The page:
Nassau County Executive Laura Curran said the new guidelines "underscores the need to revisit New York State guidance for schools — including for hybrid learning, masks, graduation, and prom."

"We must address the devastating impact the pandemic has had on the well-being of our children, who deserve to have a normal education and to get their lives back as soon as possible," said Curran, who on Wednesday issued a letter to Gov. Andrew M. Cuomo asking the state to revisit its rules surrounding schools.

Cuomo, in a statement issued after the CDC announcement, said he and state health officials, including state Health Commissioner Howard Zucker, "are reviewing" the new rules and would consult "our partners and health experts in surrounding states."

"In New York, we have always relied on the facts and the science to guide us throughout the worst of this pandemic and in our successful reopening," Cuomo said.

What to know

  • The CDC said fully vaccinated Americans will no longer be required to wear masks or abide by social distancing in most indoor and outdoor settings.
  • But it still urges the use of masks and social distancing when on airplanes, trains and buses, and at health care facilities, prisons and homeless shelters.
  • It also warned that the guidelines could change if COVID-19 rates start to climb.

Dr. Bruce Hirsch, an infectious disease doctor with Northwell Health, advised vaccinated New Yorkers to continue wearing masks in crowded indoor spaces such as supermarkets while the state’s COVID-19 numbers remain relatively high.

"Those crowded indoor places will get safer and safer as the rates of COVID go down," said Hirsch, an assistant professor of infectious disease at the Zucker School of Medicine at Hofstra/Northwell. "But I’m still very, very nervous about those spaces …"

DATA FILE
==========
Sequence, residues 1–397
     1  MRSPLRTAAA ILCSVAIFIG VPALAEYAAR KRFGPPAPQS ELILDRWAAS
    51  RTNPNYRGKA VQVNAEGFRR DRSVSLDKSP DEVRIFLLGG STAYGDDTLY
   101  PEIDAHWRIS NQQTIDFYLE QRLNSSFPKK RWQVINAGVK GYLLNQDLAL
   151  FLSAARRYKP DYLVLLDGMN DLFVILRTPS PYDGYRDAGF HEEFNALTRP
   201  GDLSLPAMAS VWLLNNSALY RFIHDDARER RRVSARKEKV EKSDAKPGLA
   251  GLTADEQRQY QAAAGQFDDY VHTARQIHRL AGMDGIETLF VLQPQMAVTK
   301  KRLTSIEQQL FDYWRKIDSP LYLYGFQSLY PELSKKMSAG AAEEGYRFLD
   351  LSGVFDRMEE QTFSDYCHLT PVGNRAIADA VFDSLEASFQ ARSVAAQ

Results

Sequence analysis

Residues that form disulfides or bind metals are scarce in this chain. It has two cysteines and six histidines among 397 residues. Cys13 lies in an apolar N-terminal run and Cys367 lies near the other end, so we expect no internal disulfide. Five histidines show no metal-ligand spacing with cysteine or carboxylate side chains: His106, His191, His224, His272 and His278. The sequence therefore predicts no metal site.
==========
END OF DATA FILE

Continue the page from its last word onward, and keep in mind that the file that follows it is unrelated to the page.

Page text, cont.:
Walensky, asked by reporters about the impact of the new guidelines on schools, said the CDC is continuing to review its policies regarding the use of masks and social distancing among students and teachers.

"This guidance is really just for individuals who are vaccinated and what they can do safely do, and we have work ahead of us in terms of updating our guidance with regard to all of our settings," including schools and camps, Walensky said.

The updated CDC guidelines come more than a year after the agency recommended the use of masks in April 2020 as the airborne disease quickly spread through the country.

Mask-wearing soon emerged as a deeply polarizing issue — protesters in various states held small mask-burning rallies and viral videos captured numerous instances of store clerks, cabdrivers and transit passengers being assaulted by those refusing to wear a mask in public.

The president acknowledged there is no mechanism for the federal government to enforce mask-wearing among those who are not fully vaccinated, but said he believed "the vast majority of the American people care about the safety of their neighbors, care about the safety of their families."

"It’s not an enforcement thing, we’re not gonna go out and arrest people," Biden said.

Biden, noted that some Americans may "feel more comfortable" continuing to wear a mask, and he called on people to "please treat them with kindness and respect."

"We’ve had too much conflict. Too much bitterness. Too much anger. Too much polarization over this issue about wearing masks. Let’s put it to rest," Biden said. "Let’s remember, we’re all Americans. Let’s remember that we are all in this together."

In recent weeks, Biden has come under increasing pressure to ease the federal mask-wearing requirements for those fully vaccinated. Critics argued that he was sending mixed signals about the effectiveness of the vaccines and the CDC’s own guidance on mask-wearing by continuing to wear a mask outdoors and when in small gatherings with lawmakers who were also vaccinated.

On Thursday afternoon, shortly after the CDC announcement, White House staffers, who have all been vaccinated, were directed to remove their masks. Biden, stepping out of the Oval Office to deliver his speech, did so without a mask.

With Rachelle Blidner, Scott Eidler and David Olson.